Why Flex Work Is Not a Stretch

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Home » Why Flex Work Is Not a Stretch

Why Flex Work Is Not a Stretch
Yahoo and Best Buy have reduced job flexibility for workers. Is the trend toward all hands on deck in the office or creating a schedule that’s friendly to employees’ lives?
Ed Frauenheim

May 29, 2013

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Despite blows to flexible work at Yahoo Inc. and Best Buy Co., the practice is alive and well at medical device-maker Medtronic Inc.
The 3-year-old program saves Medtronic some $1.2 million a year in leased office space, boosts productivity and improves the company’s ability to attract top job candidates, says Victor Assad, the company’s senior human resources director.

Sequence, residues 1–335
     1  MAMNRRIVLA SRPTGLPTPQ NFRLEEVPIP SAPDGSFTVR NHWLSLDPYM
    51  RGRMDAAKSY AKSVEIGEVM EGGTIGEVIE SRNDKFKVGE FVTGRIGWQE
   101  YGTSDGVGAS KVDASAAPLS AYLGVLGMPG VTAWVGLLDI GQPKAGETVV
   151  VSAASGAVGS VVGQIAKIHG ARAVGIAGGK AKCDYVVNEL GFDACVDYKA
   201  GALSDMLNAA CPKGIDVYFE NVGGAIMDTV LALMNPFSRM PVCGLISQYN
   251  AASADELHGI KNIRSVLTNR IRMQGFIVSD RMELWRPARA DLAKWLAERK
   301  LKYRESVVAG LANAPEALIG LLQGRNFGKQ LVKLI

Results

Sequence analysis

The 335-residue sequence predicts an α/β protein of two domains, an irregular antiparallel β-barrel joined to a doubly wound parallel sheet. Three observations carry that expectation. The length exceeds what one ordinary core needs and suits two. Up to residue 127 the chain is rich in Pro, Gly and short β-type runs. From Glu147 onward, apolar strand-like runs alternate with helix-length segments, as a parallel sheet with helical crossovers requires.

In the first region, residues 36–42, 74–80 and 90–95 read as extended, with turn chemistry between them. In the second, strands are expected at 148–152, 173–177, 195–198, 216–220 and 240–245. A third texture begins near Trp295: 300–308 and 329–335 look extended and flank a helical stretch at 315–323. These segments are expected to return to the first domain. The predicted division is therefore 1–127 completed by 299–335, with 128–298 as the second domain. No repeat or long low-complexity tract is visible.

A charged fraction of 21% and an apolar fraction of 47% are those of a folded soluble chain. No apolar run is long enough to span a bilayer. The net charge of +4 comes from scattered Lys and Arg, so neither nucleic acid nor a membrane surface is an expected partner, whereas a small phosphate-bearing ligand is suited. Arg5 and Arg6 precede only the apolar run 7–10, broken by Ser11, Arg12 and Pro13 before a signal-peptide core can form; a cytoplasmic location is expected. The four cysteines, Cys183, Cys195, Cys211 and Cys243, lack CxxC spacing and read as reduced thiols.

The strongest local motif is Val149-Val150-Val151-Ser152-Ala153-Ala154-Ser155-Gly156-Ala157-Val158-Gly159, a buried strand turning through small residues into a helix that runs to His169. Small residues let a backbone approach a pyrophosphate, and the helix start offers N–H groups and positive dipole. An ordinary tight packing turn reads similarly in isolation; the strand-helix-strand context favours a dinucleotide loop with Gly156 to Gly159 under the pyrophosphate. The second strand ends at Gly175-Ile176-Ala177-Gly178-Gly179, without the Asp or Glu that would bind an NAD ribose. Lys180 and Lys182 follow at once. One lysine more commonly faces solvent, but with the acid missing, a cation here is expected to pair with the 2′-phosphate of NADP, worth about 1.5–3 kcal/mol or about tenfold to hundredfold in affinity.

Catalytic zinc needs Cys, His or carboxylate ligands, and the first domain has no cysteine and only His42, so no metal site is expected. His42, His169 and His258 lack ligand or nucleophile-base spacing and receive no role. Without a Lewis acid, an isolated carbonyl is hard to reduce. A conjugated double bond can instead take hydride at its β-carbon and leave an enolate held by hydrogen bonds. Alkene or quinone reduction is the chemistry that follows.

The company has no intention of rolling back its flex-work effort, even though earlier this year Yahoo CEO Marissa Mayer curtailed telecommuting and Best Buy quit its pioneering program to let employees pick their hours and when they would come to the office. Assad says Medtronic has taken pains to prevent common problems associated with teleworking, such as bosses’ fears that they will lose control over their direct reports. If anything, the program has improved the way some supervisors manage their people, Assad says, because the company urged leaders to make home-office employees’ goals crystal clear.